The Best Fall-Planted Bulbs For Dry Areas

 

By David Salman, Chief Horticulturist

Spring-flowering bulbs are a unique group of pollinator-friendly flowers that have been a staple of gardening in Europe and the U.S. for many years. These fall-planted, flowering plants are easy additions to our landscapes. They light up the spring garden before many other plants wake up and come into flower, providing essential early season nectar for bees and other pollinators.

Fall-planted bulbs, such as the Drumstick Allium (Allium sphaerocephalon) pictured above, bloom in the spring and provide essential early season nectar for bees and other pollinators.Fall-planted bulbs, such as the Drumstick Allium (Allium sphaerocephalon) pictured above, bloom in the spring and provide essential early season nectar for bees and other pollinators.
Fall-planted bulbs, such as the Drumstick Allium (Allium sphaerocephalon) pictured above, bloom in the spring and provide essential early season nectar for bees and other pollinators.

Tips For Growing Fall-Planted, Spring-Flowering Bulbs

Spring-flowering bulbs depend on two climatic factors to do well in our landscapes:

  1. Cold winter temperatures. Fall planted, spring blooming bulbs need many hours below 40° F to bloom. For warm zones where winter temperatures do not reach freezing, you can pre-chill bulbs before planting in spring.
  2. Good winter and spring moisture. Spring precipitation helps bring them back into active growth and flowering.

 

Many gardeners want to know if spring-blooming bulbs are good waterwise (xeric or drought resistant) plants for drier growing conditions. The answer depends on where you are in the U.S:

  • In parts of the country that get 30" or more annual rainfall, bulbs generally will not need any additional irrigation, unless winter snow cover is thin and spring conditions are unusually dry.
    • In the Western U.S., where there isn't as much rainfall (20-25" or less anually), most bulbs will need some supplemental irrigation. Where snow coverage is unpredictable and spring rains erratic, it is essential that beds where bulbs are planted be watered every week to two weeks to keep the soil moist to a depth of 6-12".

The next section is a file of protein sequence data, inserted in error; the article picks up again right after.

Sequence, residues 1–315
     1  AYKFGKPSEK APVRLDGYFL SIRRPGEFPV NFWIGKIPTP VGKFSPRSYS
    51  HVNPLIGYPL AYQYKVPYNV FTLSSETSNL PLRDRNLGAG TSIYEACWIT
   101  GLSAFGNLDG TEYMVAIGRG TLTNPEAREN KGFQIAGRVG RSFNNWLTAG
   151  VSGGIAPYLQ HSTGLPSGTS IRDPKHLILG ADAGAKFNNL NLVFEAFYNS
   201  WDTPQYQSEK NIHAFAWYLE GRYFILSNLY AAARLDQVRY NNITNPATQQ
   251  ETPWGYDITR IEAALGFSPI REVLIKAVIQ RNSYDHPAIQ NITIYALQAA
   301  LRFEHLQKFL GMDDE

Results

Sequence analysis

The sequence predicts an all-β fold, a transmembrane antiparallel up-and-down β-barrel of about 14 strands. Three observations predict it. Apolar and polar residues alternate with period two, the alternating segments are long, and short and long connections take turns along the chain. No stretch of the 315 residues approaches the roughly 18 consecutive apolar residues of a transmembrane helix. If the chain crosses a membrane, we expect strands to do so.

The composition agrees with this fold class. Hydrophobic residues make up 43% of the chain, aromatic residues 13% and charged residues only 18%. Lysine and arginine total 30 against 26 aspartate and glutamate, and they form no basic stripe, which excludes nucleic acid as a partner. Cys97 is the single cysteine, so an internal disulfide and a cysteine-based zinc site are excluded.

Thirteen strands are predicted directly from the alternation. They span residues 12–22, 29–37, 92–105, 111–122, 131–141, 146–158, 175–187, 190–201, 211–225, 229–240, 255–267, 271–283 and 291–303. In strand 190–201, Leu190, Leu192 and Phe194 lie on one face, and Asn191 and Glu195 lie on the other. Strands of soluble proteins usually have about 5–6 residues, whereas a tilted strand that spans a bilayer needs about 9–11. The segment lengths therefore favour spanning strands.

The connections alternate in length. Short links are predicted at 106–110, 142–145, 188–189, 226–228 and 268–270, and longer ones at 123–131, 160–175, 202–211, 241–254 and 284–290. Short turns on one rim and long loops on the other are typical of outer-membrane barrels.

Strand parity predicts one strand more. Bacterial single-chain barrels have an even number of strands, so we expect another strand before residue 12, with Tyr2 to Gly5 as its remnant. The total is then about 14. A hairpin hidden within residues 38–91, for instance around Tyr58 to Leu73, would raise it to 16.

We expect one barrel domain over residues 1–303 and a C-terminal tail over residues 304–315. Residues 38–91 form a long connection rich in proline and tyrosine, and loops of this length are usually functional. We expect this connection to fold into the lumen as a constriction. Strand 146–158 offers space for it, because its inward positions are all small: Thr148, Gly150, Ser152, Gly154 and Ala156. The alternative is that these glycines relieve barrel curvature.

• In higher elevation areas where winter/early spring snows leave the soil moist, bulbs will only need extra water if conditions are unusually dry.

Mulching is an essential technique for growing bulbs in drier climates. A nice 1-2" deep blanket of coarse compost, composted bark, or other non-gravel material applied in late fall will conserve soil moisture, and enrich the soil as it decomposes.

When fall-planted bulbs receive sufficient moisture and cold temperatures over the winter and during early spring months, there is little else we need to do to keep them happy. They only need nutrients and space to grow. Here are a few long-term maintenance tips for growing spring flowering bulbs:

  • Feed the soil where bulbs are growing with organic and natural fertilizers in mid-spring.
  • Divide bulb clumps that are blooming sparsely. Dig them up in the fall and pull apart tightly clustered bulbs; then re-plant after enriching their soil.
  • After blooming, spring-flowering bulbs have already adapted to hot, dry summer conditions by going dormant in summer. They shed their foliage by early summer or earlier, resting underground as a "sleeping" bulb. Only trim foliage after it has yellowed, to allow the bulb to "recharge" for next season's blooms.
Muscari armeniacum (Grape Hyacinth) is a fall-planted bulb recommended for dry or drought conditions, and its 1" flower clusters start blooming late spring and continue into early summer.Muscari armeniacum (Grape Hyacinth) is a fall-planted bulb recommended for dry or drought conditions, and its 1" flower clusters start blooming late spring and continue into early summer.
Muscari armeniacum (Grape Hyacinth) is a fall-planted bulb recommended for dry or drought conditions, and its 1" flower clusters start blooming late spring and continue into early summer.

Our Top Picks For Fall Planted Bulbs In Dry Areas

With sufficient extra irrigation: most fall bulbs will do well in drier climates. Large flowered TulipsDaffodils, Scilla, Hyacinths, and most other fall-planted bulbs are good to plant.

For landscapes that have limited water available for irrigation: The spring flowering bulbs listed below are the most tolerant of dry soil. In areas that get 15-20" or less of annual precipitation, even these more xeric bulbs will need supplemental spring watering of 2" or more per month once the soil thaws.

 
Shop All TulipsShop All Tulips
Tarda Wildflower Tulip

Wildflower Tulips

Allium (Ornamental) & Lavender - two purple flowers planted in the gardenAllium (Ornamental) & Lavender - two purple flowers planted in the garden
Allium & Lavender

Alliums | Ornamental Onions

Harmony Specie IrisHarmony Specie Iris
Harmony Specie Iris

Specie Iris (Mini Iris)

Jessie Spring StarflowerJessie Spring Starflower
Jessie Spring Starflower

Starflower | Ipheion

A Crocus LawnA Crocus Lawn
A Crocus Lawn
Camas LiliesCamas Lilies
Camas Lilies

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